The brain lesion argument is inaccurate at a number of levels.  First, equating disease with brain lesion is not accurate.  Medical diagnostic terminology has always been approximate rather than precise when it comes to pathognomonic lesions.  There are very few.  Nobody seems to argue that migraine headaches or cluster headaches are not diseases with significant disability.  Despite the fact that there are no brain lesions like neurodegenerative diseases or "identified biological substrates" that differentiate migraine patients from the rest of the population. Syndenham pointed out that there are disorders are identified based on a consistent pattern of symptoms, family history, a natural history and course and predictable response to treatment.  This general trend led Merskey to say:



There is no royal road to medical diagnosis.  For every condition with a defined lesion there will be several with no lesion at all.  My favorite is cervicalgia or neck pain.  If you follow ICD 10 codes it is M54.2.  It is no small problem because at least half of the population aged 65 or older had significant degenerative arthritis and much of this is in the spine.  To make things even more nonspecific, practically all of these patients will have abnormal imaging studies of the spine.  Unless there is a clear finding on physical exam or by electrophysiological testing the pain cannot be attributed to any specific lesion.  As the pain becomes chronic there is even less connection to any underlying anatomy or physiology.  Connections between "real" diseases and biological substrates are not hard and fast by any means.

In addition to Syndenham's approach to disease definition,  there is a common sense approach.  Even when psychiatric disorders and addictions have no clear laboratory test, polls indicate that they are generally recognized as diseases by physicians and the public in general.  I would argue that all physicians encounter the severest problems in both groups of people.  I speculate that the public realizes that uncontrolled use of an intoxicant to the point that it disrupts your life and leads to steady psychosocial deterioration to the point that all of your significant relationships are lost and you are unable to self correct - is a form of disease very close to severe psychiatric problems.   Severe life-threatening problems that are beyond a person's capacity to self correct are seen as diseases.

Dr. Hart's next argument is one that has been found in the media over the past two years - more research funding should be directed at the psychosocial aspects of addiction rather than the neurobiological and basic science aspects.  We have seen this line of reasoning applied to a Stanley Foundation grant to look at the genetics of psychiatric disorders and the National Institute or Health budget itself.  It is generally a utilitarian argument based on the premise that basic science and brain research produces no useful solutions or that there has been a lack of focus on psychosocial determinants or consequences of drug use or addiction.  If the initial argument is that most people who use drugs do not get addicted - it does not follow that there would be widespread consequences.  In terms of determinants, they have been studied in many cases in detail and in the context of racial disparities in care (2-4).  But studying them and even applying common sense does not produce a solution.  The clearest example is 40 years of research on psychotherapies that are effective and designing a health system designed to ignore that fact.  With addiction the psychosocial research has even more readily been ignored.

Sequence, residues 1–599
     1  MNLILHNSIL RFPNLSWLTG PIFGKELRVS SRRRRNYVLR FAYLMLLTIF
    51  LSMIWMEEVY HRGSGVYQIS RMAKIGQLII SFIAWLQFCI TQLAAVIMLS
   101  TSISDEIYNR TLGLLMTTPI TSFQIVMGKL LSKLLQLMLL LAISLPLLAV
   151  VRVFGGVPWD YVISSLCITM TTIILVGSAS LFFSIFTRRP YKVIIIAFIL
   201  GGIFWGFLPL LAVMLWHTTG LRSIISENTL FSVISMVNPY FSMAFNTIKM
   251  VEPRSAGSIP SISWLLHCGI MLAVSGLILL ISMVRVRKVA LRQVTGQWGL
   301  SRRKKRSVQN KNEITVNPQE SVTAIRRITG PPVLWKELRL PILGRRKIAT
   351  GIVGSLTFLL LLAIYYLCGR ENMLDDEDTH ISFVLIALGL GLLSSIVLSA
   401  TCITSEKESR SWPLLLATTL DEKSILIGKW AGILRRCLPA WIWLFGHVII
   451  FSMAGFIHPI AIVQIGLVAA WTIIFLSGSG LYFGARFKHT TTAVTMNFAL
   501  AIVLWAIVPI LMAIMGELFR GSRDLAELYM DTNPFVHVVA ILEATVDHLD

The argument about how the diseased brain model leads to unrealistic policies is quite a stretch.  Dr. Hart suggests that such a model only allows for two solutions - focus on the diseased brain or focus on removing the drug from society. He incorrectly concludes that any focus on the brain removes an interest in socioeconomic factors in "maintaining or mediating drug addiction."  Practically any available treatment for addiction whether it involves residential or outpatient treatment - cognitive behavioral therapy or twelve step recovery involves a comprehensive look at the psychosocial factors that may impede recovery or keep the cycle of addiction going.  Do we really need further research to know that psychosocial factors increase the exposure to addictive drugs?  After all the exposure is the first part of the problem.  He has already concluded that the vast number of this exposed do not end up addicted.  What is it about that exposure and that particular person who does end up with the addiction?  How are they different and in any group will psychosocial determinants tell us why these differences exist?